Monday, August 29, 2005

On Constitutions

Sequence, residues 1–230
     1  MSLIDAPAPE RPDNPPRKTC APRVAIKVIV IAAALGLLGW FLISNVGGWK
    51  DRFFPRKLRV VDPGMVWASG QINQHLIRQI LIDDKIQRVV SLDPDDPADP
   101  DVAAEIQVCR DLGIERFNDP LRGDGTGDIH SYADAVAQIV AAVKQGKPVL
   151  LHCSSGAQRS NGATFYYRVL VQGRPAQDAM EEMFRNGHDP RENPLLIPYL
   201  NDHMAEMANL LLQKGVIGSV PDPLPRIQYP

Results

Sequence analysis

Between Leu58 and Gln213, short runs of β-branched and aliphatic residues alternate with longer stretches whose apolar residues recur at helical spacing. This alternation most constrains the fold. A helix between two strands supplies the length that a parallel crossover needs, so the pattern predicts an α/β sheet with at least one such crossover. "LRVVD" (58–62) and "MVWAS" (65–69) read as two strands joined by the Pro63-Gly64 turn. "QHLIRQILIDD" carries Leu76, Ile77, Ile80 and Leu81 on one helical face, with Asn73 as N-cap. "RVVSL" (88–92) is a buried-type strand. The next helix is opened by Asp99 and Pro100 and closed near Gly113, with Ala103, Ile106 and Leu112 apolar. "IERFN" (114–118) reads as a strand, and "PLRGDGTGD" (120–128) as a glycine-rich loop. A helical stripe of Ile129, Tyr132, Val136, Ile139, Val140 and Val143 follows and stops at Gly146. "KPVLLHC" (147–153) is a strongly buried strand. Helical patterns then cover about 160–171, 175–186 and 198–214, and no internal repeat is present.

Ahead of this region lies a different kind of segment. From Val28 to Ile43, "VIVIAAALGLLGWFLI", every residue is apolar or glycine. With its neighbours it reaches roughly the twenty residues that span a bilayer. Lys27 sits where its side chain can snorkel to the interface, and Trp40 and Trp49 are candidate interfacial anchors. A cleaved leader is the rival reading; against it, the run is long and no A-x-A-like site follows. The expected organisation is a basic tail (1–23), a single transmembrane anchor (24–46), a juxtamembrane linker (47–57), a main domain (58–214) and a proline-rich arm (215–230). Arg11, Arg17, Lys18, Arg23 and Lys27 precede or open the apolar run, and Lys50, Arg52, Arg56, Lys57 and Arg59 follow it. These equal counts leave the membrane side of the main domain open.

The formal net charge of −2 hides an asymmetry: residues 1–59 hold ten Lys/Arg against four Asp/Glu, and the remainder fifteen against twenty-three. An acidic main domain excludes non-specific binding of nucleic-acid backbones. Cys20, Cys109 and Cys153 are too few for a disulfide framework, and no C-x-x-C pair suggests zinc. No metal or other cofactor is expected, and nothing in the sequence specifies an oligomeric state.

On September 17, 1787, the final day of the American Constitutional Convention in Philadelphia, the work of the delegates completed, Benjamin Franklin arose and handed a written speech to his Pennsylvania colleague James Wilson to read. “Mr. President,” Franklin had written, “I confess that there are several parts of this constitution which I do not approve, but I am not sure that I shall never approve them. For having lived long, I have experienced many instances of being obliged by better information, or fuller consideration, to change opinions even on important subjects, which I once thought right, but found to be otherwise . . . . I doubt too whether any other convention we can obtain may be able to make a better constitution . . . . It therefore astonishes me, Sir, to find this system approaching so near to perfection as it does; and I think it will astonish our enemies . . . . Thus I consent, Sir, to this constitution because I expect no better, and because I am not sure that it is not the best.” This, of that revered document which, despite its imperfections and blemishes, has endured for two hundred eighteen years and guided us through our nations darkest days, a beacon to ourselves and to the world of shining freedom.

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